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  1. #1
    Join Date
    Apr 2004
    Posts
    8

    Unanswered: Embedded Select vs. UDF

    Why is using an embedded SELECT statement faster than using an embedded UDF that has the same exact SQL code within?

    Example (not syntax corrected)
    Ex1:
    SELECT myValue1, myValue2 FROM myTable WHERE aValue = (SELECT Value FROM someTable WHERE myIndex = 800)

    is much faster than something like

    Ex2:
    SELECT myValue1, myValue2 FROM myTable WHERE aValue = (dbo.FN_myUDF(@vmyIndex))

    Given that dbo.FN_myUDF has the same code as the embedded select in the first example.

    TIA,

    KB

  2. #2
    Join Date
    Jul 2003
    Location
    San Antonio, TX
    Posts
    3,662
    Actually I'm getting quite an opposite result:

    select * from authors where au_id = (select au_id from authors where au_lname = 'Dull')

    vs.

    create function dbo.fn_get_au_id (
    @lname varchar(50) ) returns char(11)
    as begin
    declare @au_id char(11)
    select @au_id = au_id from authors where au_lname = @lname
    return @au_id
    end
    go

    +

    select * from authors where au_id = dbo.fn_get_au_id('Dull')

    The first results in: Table 'authors'. Scan count 2, logical reads 3, physical reads 0, read-ahead reads 0.

    The second yields: Table 'authors'. Scan count 1, logical reads 2, physical reads 0, read-ahead reads 0.
    "The data in a record depends on the Key to the record, the Whole Key, and
    nothing but the Key, so help me Codd."

  3. #3
    Join Date
    Jun 2003
    Location
    Ohio
    Posts
    12,592
    Provided Answers: 1
    Perhaps because SQL Server is able to take your poorly written code:

    SELECT myValue1, myValue2 FROM myTable WHERE aValue = (SELECT Value FROM someTable WHERE myIndex = 800)

    ...and transform it into the much more efficient:

    SELECT myValue1, myValue2
    FROM myTable
    INNER JOIN someTable on myTable.aValue = someTable.Value
    WHERE someTable.myIndex = 800

    ...prior to executing it. The optimizer will streamline your statement whenever it can, and thus make use of any indexes on the tables and only make one pass through the subtable. Strictly following your code logic would result in a pass through someTable for every record in myTable, which is also what occurs when you call the UDF. The compiler wants none of that nonsense and fixes your code before executing it.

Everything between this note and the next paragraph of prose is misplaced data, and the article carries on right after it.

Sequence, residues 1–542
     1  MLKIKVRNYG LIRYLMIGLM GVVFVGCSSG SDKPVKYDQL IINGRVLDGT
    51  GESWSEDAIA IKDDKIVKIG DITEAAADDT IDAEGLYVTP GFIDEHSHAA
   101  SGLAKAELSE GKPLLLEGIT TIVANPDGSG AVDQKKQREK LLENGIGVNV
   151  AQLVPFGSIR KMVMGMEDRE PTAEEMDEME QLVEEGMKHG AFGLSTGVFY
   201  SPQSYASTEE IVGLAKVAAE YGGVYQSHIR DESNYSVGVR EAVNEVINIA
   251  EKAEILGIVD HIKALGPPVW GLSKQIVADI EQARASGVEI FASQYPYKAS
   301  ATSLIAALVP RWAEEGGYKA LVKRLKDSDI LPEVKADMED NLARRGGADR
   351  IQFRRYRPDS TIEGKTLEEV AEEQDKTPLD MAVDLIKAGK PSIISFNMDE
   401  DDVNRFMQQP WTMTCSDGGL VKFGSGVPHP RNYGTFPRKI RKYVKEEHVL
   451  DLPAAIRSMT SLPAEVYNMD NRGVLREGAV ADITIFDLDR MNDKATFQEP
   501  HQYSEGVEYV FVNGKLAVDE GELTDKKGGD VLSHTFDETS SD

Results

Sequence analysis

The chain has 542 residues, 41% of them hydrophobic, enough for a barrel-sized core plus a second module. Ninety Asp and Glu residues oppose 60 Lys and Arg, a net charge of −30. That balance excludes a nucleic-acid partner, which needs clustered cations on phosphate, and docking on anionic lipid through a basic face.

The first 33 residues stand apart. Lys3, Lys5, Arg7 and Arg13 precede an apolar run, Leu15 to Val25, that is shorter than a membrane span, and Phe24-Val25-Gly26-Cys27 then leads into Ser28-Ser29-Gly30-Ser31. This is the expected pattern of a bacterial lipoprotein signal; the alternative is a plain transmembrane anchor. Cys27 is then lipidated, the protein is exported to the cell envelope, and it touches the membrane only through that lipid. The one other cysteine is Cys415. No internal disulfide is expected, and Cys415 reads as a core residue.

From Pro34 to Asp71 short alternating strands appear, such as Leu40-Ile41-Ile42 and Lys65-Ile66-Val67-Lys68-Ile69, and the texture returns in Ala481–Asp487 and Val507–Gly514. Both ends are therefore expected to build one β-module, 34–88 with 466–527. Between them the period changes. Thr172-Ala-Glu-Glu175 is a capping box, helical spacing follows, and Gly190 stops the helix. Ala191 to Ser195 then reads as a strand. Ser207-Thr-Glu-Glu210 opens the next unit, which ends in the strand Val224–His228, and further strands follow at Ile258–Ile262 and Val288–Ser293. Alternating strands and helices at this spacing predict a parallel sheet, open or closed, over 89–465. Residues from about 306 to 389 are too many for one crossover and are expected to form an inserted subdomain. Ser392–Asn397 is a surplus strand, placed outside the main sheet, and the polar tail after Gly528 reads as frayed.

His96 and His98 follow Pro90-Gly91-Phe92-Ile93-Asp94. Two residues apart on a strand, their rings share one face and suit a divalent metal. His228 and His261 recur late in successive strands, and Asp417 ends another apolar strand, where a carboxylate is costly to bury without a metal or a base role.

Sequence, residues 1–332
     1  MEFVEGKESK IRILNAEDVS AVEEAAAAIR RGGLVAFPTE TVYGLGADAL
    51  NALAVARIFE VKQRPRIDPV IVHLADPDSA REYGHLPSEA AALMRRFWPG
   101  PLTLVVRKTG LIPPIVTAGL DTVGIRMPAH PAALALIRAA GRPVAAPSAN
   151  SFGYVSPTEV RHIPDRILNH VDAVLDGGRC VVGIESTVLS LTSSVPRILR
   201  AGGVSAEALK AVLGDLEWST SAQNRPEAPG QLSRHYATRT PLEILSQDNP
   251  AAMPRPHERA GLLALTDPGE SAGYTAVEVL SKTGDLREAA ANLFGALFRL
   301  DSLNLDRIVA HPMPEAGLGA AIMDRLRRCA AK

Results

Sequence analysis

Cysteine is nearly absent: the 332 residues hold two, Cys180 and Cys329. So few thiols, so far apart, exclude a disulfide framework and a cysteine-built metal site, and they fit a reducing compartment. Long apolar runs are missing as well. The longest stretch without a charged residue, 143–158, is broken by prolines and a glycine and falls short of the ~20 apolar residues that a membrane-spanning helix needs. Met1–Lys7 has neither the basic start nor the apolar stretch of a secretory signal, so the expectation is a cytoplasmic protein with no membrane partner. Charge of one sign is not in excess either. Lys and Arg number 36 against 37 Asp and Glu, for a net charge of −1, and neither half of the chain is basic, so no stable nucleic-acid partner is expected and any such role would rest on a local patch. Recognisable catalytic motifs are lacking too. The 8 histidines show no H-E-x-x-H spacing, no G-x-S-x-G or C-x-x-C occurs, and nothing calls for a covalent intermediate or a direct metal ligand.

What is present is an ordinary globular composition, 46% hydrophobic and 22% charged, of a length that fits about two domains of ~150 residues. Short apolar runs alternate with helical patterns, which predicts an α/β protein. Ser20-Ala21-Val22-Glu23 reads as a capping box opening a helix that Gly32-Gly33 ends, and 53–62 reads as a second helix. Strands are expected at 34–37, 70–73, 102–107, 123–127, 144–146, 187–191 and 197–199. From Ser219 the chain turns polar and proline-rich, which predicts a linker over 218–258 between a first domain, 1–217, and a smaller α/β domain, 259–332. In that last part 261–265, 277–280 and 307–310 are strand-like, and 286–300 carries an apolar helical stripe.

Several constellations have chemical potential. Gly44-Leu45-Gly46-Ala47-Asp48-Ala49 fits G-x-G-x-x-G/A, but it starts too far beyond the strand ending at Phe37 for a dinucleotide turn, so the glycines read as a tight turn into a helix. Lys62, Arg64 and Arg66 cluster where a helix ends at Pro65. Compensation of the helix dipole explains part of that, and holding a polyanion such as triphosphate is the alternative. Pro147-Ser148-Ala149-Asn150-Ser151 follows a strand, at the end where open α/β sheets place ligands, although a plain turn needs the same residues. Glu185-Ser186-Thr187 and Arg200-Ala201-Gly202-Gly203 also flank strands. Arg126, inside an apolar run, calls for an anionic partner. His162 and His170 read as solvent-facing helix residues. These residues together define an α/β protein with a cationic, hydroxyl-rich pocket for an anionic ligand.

If it's not practically useful, then it's practically useless.

    blindman
    www.chess.com: "sqlblindman"
    www.LobsterShot.blogspot.com

  4. #4
    Join Date
    Jul 2003
    Location
    San Antonio, TX
    Posts
    3,662
    Well, I just used the same sample code as you (Mr. Lindman) provided and converted it to my previously posted comparative case...and...hmmmmm...It is actually WORSE than the other two:

    select * from authors a
    inner join authors b
    on a.au_id = b.au_id
    where b.au_lname = 'Dull'

    results in: Table 'authors'. Scan count 2, logical reads 5, physical reads 0, read-ahead reads 0.

    In fact, even JOIN hints don't make any difference. Ironic, isn't it?
    "The data in a record depends on the Key to the record, the Whole Key, and
    nothing but the Key, so help me Codd."

  5. #5
    Join Date
    Jun 2003
    Location
    Ohio
    Posts
    12,592
    Provided Answers: 1
    My bad. I was thinking he had the function call in his select clause. In the WHERE clause the UDF is only executed once. I get faster results with the UDF as well, though with a larger dataset I get identical results and execution plans using either the subquery method or the join method.
    If it's not practically useful, then it's practically useless.

    blindman
    www.chess.com: "sqlblindman"
    www.LobsterShot.blogspot.com

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